A police procedural coexists with the story of an identity-theft operation in this follow-up to Hollywood Station (2006) and Hollywood Crows (2008).
Some members of the dysfunctional family at Hollywood Station reappear, including surfer dudes Flotsam and Jetsam and Hollywood Nate Weiss, still dreaming of an acting career. We see these cops at roll call and in their patrol cars, working the midwatch. They crack wise, goof off and sometimes actually catch criminals. When a young Marine kills a drag queen, there’s a chase and a firefight, the Marine dies and the episode ends with an elaborate, tasteless joke about Brokeback Mountain (par for the course here). The odyssey of middle-aged identity thieves Dewey and Eunice Gleason runs on a parallel track. Despite their mutual hostility, they remain business partners (and married). Hard-as-nails Eunice is the mastermind, toiling at her computers while weak-willed, self-doubting failed actor Dewey sallies forth, using different disguises to recruit street runners for various scams. His lead runners are Jerzy, a dumb, potentially violent meth tweaker, and Tristan, a smart black guy ready to grab a bigger piece of the pie. Dewey’s latest recruit is Malcolm Rojas, a young Hispanic with an anger-management problem who stalks older women. Already weakened by Wambaugh’s decision not to splice his thieves’ shenanigans with a police investigation, the novel suffers further from slow character development and the long setup of the runners’ revolt against the Gleasons. At the end of this poorly paced affair, characters fall like dominoes, with four quick kills preceding a return to frat-house humor.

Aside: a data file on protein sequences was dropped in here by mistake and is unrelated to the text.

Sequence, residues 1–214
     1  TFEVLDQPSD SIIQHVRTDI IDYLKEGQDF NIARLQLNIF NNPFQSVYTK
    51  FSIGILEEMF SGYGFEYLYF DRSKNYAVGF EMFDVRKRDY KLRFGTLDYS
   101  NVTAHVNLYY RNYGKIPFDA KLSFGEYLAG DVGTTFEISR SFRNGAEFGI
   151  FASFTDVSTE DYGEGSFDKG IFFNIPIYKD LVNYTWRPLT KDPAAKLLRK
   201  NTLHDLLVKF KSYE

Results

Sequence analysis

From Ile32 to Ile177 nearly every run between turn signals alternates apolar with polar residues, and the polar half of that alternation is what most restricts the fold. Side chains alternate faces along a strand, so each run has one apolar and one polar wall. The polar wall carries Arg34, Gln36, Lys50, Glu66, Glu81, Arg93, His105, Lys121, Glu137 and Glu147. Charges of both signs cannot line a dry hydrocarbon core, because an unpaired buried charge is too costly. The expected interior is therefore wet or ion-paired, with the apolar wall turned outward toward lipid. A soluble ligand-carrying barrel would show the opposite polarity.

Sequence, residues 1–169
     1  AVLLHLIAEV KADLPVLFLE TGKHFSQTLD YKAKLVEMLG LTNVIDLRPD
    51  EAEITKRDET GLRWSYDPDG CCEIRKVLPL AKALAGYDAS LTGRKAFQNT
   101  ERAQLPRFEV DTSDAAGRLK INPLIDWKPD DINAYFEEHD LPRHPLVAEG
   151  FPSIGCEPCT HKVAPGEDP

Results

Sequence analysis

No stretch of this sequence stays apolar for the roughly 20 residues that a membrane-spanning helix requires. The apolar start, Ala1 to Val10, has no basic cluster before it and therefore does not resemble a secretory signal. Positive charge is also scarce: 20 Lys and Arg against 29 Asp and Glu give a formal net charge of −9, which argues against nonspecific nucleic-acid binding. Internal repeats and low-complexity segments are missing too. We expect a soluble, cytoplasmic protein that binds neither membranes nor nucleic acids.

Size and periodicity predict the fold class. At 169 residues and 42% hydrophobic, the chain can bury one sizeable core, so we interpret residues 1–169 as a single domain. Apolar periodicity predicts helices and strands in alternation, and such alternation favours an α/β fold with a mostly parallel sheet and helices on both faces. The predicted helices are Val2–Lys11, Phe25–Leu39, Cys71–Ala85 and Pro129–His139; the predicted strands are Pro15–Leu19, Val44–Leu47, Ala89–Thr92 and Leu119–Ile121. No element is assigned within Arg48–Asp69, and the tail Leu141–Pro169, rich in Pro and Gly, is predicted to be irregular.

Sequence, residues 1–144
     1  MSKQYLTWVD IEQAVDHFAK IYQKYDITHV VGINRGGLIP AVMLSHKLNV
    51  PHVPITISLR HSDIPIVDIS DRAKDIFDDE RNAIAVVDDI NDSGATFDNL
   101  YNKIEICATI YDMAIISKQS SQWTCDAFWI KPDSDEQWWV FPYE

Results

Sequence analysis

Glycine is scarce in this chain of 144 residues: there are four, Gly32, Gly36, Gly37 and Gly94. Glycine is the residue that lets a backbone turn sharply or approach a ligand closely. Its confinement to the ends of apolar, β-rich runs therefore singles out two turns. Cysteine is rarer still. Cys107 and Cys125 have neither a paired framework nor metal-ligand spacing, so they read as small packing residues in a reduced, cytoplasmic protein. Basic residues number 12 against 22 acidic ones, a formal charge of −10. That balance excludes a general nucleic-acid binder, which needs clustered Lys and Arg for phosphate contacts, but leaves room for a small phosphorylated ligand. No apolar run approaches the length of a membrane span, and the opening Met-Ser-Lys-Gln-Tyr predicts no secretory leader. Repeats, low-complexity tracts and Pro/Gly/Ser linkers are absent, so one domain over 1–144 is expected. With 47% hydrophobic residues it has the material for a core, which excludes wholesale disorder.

Well below Wambaugh’s customary high standard.